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Senior Correspondent

Spain! It all comes back to me in an exciting montage of memories. Michael and I and our 15-year-old daughter Susan are sitting at a table in a restaurant in Madrid about five feet away from a stage, the floor of which is eye-level to where we are sitting. Lively Spanish music plays and the Flamenco dancers are whirling and twirling before us. Their heels click and stamp in rhythmic precision to the music, the castanets in their hands accompany their beat. They stand and bend and sway with dignified grace, their eyes cast down to hide their repressed passion. An irresistible flush of excitement warms us. We are in Spain! Ole!

The next day we are seated in a tier at the bullfights. The matador enters the bullring with a haughty stride as the crowd cheers. He bows gracefully and stands ramrod straight waiting for the toro to be released into the arena. The bull charges with a ferocious lunge at the figure holding the red cape. The torero executes various formal moves which have a meaning according to the bullfighter’s style or school. He seeks to elicit inspiration and art from his work and an emotional connection to the crowd. His close proximity to the bull places him at some risk of being gored or trampled. His style and bravery are regarded as equally important as to whether or not he actually kills the bull. He is judged by his agility, grace and coordination. Several picadors enter the arena and hook the bull with multiple thrusts with picas behind his ears. The matador conducts the estocada as the bull lowers its head and the matador lunges forward with the final single sword thrust which kills the bull. Ole! There is lots of blood. Susan and I avert our eyes at this point. Michael is too busy taking pictures of the proceedings to care.

Later, we are at the Prado with the elongated, astigmatic paintings of El Greco. Then, we are at a park in Granada where a magnificent tenor is singing “Granada” with all his soul as if his heart will break. We tour the Alhambra.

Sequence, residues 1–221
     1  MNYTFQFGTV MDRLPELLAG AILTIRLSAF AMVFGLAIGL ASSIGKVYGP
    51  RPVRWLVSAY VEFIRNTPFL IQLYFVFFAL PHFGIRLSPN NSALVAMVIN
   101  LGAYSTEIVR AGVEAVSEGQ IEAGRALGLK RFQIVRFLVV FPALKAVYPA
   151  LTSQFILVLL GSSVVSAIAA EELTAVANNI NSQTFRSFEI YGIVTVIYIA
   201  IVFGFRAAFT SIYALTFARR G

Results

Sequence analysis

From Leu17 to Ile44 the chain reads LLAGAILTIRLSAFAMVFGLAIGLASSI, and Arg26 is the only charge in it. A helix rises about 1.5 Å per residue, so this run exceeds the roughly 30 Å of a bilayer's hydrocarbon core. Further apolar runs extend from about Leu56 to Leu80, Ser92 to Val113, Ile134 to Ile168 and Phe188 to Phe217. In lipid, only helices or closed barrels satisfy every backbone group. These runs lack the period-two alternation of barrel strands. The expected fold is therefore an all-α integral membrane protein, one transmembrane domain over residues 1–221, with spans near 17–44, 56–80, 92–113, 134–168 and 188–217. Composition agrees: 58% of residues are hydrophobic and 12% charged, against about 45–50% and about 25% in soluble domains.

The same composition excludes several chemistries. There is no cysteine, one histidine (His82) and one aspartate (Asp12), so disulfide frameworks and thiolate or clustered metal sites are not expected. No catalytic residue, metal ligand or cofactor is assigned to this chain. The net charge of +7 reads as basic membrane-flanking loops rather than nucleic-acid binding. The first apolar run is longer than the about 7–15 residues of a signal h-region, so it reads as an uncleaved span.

Now we are in our rented car riding through the green hills of Andalusia, away from the usual tourist sites. It is quiet and still and we do not see a single house or any sign of habitation for miles. We come to a hillcrest and suddenly we see below us a village shining in the sunlight like a dream. It has a mystical quality and I think of Brigadoon, the mythical village in the musical play we had recently seen on Broadway.

We ride down the hill and enter the town. We are in the village square. The people stare at us in surprise. What appears to be the mayor of the village, an Anthony Quinn look-alike to my eyes, stands before us commandingly and asks who we are. Michael answers in his best Berlitz-acquired Castilian Spanish that we are Americans who have become lost and that we are almost out of gas. The leader snaps his fingers and a young boy of about 8 appears. He is told to get into our car and show us where to get gasoline.

The boy points us to a narrow street. It is so narrow that we can almost touch the buildings on each side of us. He takes us to what seems to be a kind of general store. Michael goes in and comes out with a gasoline can with a spout. He fills up our gas tank as he converses in Spanish with the proprietor. Susan and I are so in awe of this town that we sit quietly, not daring to risk our inadequate high-school Spanish.

The people seem so comfortable with themselves and each other in their authentic surroundings but don’t seem to know how to relate to us. The boy takes us back to the village square. He gets out and returns to his place beside the man in charge. The people are polite and respectful to us but they must feel as though we are aliens from Mars. We feel respect for them and maybe a little envy for the security of their place in the world. They clearly know who they are and what that world expects of them.

We ride back to our luxurious hotel on the Costa del Sol. After a swim at the beach, we lie in the sun and again resume our role as American tourists. We shower and dress in our best clothes and go down to a dinner of paella and gazpacho. Michael orders wine. The wine steward approaches, uncorks the bottle and gives Michael a small taste of it for his approval.

Michael approves. The wine steward bows. He is drop-dead handsome and our fifteen year old Susan flutters her eyelashes and blushes demurely. We finish our delicious food and savor our wine. This is when Susan hands me a piece of paper that had been dropped into her lap. It says in perfect English, “Meet me under the balcony at 9 o’clock.” Susan wants to go. She is sweet 15 and so innocent. We spend the rest of the evening convincing her that it is not a good idea. But I understand. I almost could be tempted to meet this gorgeous Spaniard under the balcony myself.

As we sit in our seats on the plane going home with Susan’s newly acquired Spanish guitar and my painting of the senorita in her mantilla waving her fan, I savor the aura of our experience in exciting, romantic Spain. 

This article originally appeared in Roadrunner Extra!, the resident newsletter of Beatitudes Campus.

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